You need a laptop for tethered shooting in the field. It's pretty simple; install the software, connect the camera to the laptop with the Firewire cable, and start the program. Besides screen size, a laptop also offers the advantage of a color-calibrated screen, if you calibrate it. There's a separate manual for the software, which is why the camera manual doesn't really cover it.

For studio work, it's hard to beat shooting tethered to a fast desktop machine with a 21" or larger calibrated monitor.
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augg

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Wondering . . .
« Reply #4 on: September 05, 2006, 07:30:11 pm »

There is possibly a solution. Check out the Giga Vu Pro review over at www.robgalbraith.com http://www.robgalbraith.com/bins/multi_pag...cid=7-7892-8176

If they ever show up in stores here in north america.

dan
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pobrien3

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Wondering . . .
« Reply #5 on: September 05, 2006, 09:05:02 pm »

You can't do untethered shooting with the Jobo.  The nearest you could get to that would be wireless transmission of the files from the camera to the device.
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jamie_m_

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Wondering . . .
« Reply #6 on: September 08, 2006, 03:20:02 am »

You can't do teathered shooting directly to a portable hard drive, I use a tiny Sony VGN-T2XP note book which gives me a real 4 hour battery life, but the UMPC tablet devices ( http://dynamism.com/Notebooks/UMPC/categorygroup.shtml ) look interesting as they seem more portable than my laptop just worried about the battery life.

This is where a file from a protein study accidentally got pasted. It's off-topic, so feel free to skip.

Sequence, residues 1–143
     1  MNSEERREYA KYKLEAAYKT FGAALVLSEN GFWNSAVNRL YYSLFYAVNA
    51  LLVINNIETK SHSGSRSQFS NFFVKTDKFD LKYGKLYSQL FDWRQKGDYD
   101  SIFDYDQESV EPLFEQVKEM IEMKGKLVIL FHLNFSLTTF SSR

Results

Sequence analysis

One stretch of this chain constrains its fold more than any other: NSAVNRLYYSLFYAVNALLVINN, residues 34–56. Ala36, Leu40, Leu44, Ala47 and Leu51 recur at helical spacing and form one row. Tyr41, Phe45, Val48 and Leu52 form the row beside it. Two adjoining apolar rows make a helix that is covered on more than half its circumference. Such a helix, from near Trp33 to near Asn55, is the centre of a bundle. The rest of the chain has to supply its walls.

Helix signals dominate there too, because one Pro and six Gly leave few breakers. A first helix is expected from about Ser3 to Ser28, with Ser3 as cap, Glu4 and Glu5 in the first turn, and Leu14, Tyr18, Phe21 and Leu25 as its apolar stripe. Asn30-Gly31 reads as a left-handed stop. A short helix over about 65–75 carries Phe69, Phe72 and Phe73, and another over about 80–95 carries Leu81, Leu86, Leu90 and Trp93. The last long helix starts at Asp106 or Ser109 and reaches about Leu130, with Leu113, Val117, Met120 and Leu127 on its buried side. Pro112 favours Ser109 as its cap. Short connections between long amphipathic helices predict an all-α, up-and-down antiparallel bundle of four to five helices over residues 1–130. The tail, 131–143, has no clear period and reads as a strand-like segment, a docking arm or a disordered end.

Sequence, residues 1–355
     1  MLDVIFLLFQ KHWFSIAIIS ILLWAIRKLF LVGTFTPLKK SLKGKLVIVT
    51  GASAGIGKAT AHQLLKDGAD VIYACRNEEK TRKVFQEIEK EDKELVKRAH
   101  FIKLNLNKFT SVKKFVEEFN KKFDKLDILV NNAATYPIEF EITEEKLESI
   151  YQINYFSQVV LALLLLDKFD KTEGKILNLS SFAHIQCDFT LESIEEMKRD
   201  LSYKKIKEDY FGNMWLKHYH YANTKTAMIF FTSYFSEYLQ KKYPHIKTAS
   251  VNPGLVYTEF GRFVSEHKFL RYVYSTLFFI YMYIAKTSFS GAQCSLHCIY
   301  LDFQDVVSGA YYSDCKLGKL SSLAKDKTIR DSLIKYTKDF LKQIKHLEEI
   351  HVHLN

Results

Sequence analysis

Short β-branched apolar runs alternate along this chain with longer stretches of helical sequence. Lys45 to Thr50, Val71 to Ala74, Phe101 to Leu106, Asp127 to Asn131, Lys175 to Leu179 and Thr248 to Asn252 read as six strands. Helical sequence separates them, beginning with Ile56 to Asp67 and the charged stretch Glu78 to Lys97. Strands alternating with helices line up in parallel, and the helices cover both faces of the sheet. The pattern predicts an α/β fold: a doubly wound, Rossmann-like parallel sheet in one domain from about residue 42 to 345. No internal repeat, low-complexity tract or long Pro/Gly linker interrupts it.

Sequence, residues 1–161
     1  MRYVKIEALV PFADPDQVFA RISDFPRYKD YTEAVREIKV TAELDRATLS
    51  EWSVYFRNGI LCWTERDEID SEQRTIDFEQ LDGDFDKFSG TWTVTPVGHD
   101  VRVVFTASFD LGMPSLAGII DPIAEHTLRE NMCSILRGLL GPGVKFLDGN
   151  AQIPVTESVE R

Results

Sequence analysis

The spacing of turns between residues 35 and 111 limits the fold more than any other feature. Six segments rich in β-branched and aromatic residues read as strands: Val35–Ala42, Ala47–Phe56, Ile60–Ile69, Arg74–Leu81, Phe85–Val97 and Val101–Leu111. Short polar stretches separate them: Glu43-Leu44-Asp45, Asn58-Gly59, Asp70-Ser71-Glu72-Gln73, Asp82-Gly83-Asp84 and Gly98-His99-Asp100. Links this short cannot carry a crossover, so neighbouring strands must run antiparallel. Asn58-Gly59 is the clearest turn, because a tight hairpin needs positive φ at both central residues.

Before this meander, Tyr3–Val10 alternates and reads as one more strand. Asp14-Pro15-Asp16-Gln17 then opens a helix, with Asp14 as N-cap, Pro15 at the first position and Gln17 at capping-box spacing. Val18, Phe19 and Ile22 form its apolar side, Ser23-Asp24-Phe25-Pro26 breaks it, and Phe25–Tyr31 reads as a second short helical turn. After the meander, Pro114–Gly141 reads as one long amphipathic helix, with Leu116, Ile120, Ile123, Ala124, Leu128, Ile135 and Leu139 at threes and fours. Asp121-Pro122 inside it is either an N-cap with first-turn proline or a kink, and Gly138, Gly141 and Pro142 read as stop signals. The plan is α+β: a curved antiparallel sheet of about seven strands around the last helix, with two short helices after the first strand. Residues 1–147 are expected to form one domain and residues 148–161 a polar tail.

Does any one use a UMPC? Is the screen "good enough", how is the battery life?
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TomConnor

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Wondering . . .
« Reply #7 on: September 13, 2006, 12:59:03 pm »

From what I have seen, battery life is disappointing for most of the UMPC's which are currently available.  

However, (despite their cost) I have been rather impressed with the Sony UX series of UMPC's, they have reasonable spec's good battery life and they look to be very nice (and did occur to me as being a possibly nice tool for photography) - the problem is that they are expensive, and I am by no means convinced that they are more worthwhile either than buying a load of high capacity memory cards, or, buying an ultra portable laptop and some portable external storage.

Of course, in the end, the question of if a particular piece of computing kit is for you can be answered by first working out what you want, then looking for the tool which fits best your requirements, so if you want an expensive portable machine which is pretty much only good for use either for tethered shooting, or when hooked up to a big monitor, then perhaps a UMPC is for you.  To be honest, I think (and, indeed hope) that the next generation of machines will be cheaper (supposedly Samsung is working on a UMPC based on a cheaper AMD chipset, which will cost about £500) and have better battery life – and then I think that they will be a good improvement over something like a Jobo, offering more functionality for only a small increase in price.  However, at the moment, I think the UMPC’s are either too expensive (the Sony) or too much of a bodge job (the Samsung) to be worth considering – although, it should be said, that if you are a pro, I imagine especially in something like photojournalism, being able to use a machine like a UMPC for tethered shooting could be advantageous for your job (interestingly several premiership football sides have wireless hotspots now, so UMPC’s could provide an elegant way to take pictures and upload them simultaneously, as the match goes on).
« Last Edit: September 13, 2006, 01:12:29 pm by TomConnor »
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Tom Connor